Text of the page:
Sermon Commentary for Sunday, November 1, 2015

Ruth 1:1-18 Commentary

To my mind stopping the reading of Ruth 1 at verse 18 is the narrative equivalent of ending the movie Field of Dreams just before the moment when Ray encounters his long-dead and estranged father on his magical Iowa baseball diamond.  Why stop short of the scene that brings the whole thing together!?

So trust me: read the whole chapter of Ruth 1.  Preach the whole first chapter of Ruth.

To see why, let us now turn to our story . . . and a sad story it is.  Commentators on the Book of Ruth have often noted that the trajectory of this story can be summarized as “From Emptiness to Fullness,” and this first chapter is definitely the “empty” part.  Or better said, it’s the emptying part.  We begin in Bethlehem, the “house of bread” only to discover the bread in the house is gone.  There’s a famine.  People are hungry and when they get hungry, they soon become culinary refugees who go off in search of sustenance.

For a while Elimelech and Naomi find that sustenance in the land of Moab.  Things look up but only briefly because soon enough the family’s breadwinner dies.  That’s bad, but things brighten up a tidge when the sons get married.  And for ten years life goes on before disaster strikes yet again and the two sons turn up dead, too.  Even in Israel—where the laws of the land were supposed to protect widows and other vulnerable members of the society—things did not always pan out so rosy for widows.  One can assume that Moab did not have those safeguards in the first place and so three widows equaled triple trouble.

The two young widows, Orpah and Ruth, have a shot at remarriage at least.  They might yet have children.  But Naomi sees no future.  If you were a woman in the Ancient Near East, the simple (albeit sexist and patriarchal) fact of the matter was that the best way out of economic calamity was to get married.  Men got all the breaks.  Women without men got overlooked if not mistreated.  But Naomi’s marrying days and child-bearing days were long gone.  Her best shot was to go home and hope for some merciful extended family to take her in.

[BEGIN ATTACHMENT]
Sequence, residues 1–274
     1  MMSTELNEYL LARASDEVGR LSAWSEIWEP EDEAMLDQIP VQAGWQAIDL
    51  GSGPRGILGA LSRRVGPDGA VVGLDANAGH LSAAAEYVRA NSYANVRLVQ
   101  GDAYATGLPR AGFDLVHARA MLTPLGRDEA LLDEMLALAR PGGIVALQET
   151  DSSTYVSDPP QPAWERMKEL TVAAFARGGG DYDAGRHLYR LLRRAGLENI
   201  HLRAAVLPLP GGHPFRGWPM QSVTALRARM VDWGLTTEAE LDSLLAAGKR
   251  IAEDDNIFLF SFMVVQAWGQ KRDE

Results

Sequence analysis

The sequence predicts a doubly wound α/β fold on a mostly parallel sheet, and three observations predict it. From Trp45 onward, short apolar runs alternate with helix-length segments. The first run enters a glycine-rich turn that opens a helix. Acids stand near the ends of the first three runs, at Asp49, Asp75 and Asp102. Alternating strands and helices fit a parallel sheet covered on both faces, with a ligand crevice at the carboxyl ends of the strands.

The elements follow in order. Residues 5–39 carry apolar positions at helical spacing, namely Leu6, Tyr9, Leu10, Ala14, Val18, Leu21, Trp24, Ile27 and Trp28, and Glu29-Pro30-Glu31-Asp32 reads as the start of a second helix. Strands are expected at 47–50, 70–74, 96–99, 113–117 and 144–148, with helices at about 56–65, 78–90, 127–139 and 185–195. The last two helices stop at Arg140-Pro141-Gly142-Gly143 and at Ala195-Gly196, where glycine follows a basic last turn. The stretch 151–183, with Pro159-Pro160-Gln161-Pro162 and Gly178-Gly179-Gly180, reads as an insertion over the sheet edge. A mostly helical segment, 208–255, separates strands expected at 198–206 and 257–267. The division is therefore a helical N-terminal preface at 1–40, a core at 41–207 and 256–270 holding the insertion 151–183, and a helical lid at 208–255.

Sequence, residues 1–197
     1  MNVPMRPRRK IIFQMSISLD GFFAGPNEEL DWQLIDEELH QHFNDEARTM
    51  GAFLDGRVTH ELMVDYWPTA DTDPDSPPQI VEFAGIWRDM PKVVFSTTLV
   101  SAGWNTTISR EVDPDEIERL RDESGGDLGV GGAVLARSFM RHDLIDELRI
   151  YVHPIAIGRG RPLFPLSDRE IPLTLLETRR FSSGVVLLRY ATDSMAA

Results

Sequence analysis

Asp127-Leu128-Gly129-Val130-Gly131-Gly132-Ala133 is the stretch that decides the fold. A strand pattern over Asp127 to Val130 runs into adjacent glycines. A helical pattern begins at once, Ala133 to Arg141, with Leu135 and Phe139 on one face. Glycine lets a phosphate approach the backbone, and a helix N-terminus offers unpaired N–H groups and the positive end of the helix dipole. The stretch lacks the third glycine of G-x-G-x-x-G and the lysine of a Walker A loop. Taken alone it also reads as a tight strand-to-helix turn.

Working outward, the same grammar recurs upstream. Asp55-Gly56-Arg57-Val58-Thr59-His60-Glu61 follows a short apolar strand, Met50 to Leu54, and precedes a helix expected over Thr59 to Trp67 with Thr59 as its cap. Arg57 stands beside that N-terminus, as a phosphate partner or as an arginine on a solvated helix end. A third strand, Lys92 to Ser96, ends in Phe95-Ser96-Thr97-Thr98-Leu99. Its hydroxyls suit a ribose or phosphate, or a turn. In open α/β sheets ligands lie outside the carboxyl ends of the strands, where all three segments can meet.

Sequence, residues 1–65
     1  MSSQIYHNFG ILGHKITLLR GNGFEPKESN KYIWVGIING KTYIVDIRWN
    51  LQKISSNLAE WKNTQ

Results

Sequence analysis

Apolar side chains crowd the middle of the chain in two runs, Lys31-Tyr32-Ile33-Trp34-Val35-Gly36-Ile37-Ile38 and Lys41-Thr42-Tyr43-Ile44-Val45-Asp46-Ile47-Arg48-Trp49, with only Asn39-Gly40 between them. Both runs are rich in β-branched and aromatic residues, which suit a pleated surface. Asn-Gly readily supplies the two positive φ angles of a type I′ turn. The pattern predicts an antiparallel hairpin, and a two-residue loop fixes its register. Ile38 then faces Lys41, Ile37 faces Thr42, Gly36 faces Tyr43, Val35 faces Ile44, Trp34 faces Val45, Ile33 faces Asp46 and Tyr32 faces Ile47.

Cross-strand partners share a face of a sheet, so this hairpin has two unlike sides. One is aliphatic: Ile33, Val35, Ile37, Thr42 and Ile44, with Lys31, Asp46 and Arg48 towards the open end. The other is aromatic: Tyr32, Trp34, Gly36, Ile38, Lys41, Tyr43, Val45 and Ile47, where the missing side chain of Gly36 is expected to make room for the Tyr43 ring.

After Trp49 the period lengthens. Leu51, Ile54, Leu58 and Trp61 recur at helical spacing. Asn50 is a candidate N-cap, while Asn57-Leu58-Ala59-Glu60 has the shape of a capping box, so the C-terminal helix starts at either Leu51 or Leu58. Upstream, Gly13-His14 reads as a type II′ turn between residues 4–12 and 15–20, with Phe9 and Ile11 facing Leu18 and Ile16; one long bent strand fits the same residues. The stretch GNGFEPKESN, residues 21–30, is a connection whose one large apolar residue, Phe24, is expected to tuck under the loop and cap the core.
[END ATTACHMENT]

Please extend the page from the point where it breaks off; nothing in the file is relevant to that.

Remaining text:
But given the wariness in Israel of marrying foreign women, Orpah and Ruth really were best off staying in Moab.  Orpah is the more sensible of the two young widows and does just that.  Ruth, on the other hand, is completely irrational.  She goes against common sense and decides to stick it out with Naomi, come what may.  Now Naomi had yet another mouth to feed in addition to her own and so although we usually hold up Ruth’s loyalty as a noble thing—isn’t that text about “Where you go I will go” riffed on at many a wedding these days?—Naomi probably regarded Ruth’s stubborn loyalty as one big pain in the neck.  This was going to make things more complicated for her, not less so.

Because make no mistake: Naomi still saw but one solution and that was re-marriage.  She was so focused on this that she even made up the ridiculous scenario of Orpah and Ruth possibly waiting around to marry Naomi’s future sons, not that she’d ever have another child, mind you, and not that Ruth or Orpah could wait around for a couple of decades while such kids—who would never exist anyway—grew up!!!  Naomi’s throwing out of that scenario is the kind of silly and loopy thing you say when you don’t know what else to say and are in any event quite literally at the end of your rope.

Again, Orpah sees the sense of it all.  Ruth refuses.  She is going to stick with Naomi.  She will as good as become an Israelite—religion and all—if that’s what it will take to stay with her bereft mother-in-law.

What a sad pair they were that day they shuffled back into Bethlehem.  Things had not been great the day Naomi had left in the midst of a famine but at least she had her husband at her side and two handsome young boys trotting along behind her.  But now here she was coming back looking like forty miles of bad road and with some equally sad-looking Moabite woman tagging along to boot.  People felt sorry for her, but Naomi would not have any of their pity.  What she wanted was for them to get as angry with God as she was.

And so she lights into Almighty God pretty good.  “Time was my name meant ‘Pleasant’ and I used to be a pretty pleasant person, too.  But that was before Yahweh messed with my life.  Now just call me ‘Bitter,’ because that’s what I am.  And it’s all God’s doing!  God has only himself to blame for moving me from Pleasant to Bitter.  So come on, folks, and join me in shaking an empty fist in the direction of Almighty God!”


It’s not the kind of thing you would ordinarily say in the company of a young woman who just said “Your God will be my God.”  Naomi doesn’t exactly give a nice little promotional piece here for the God whom Ruth just offered to worship.  You’d hardly be surprised to hear Ruth say, “Whoa!  That is who your God is?  I’d like to retract my earlier statement and substitute the line ‘Your God will not be my God!’”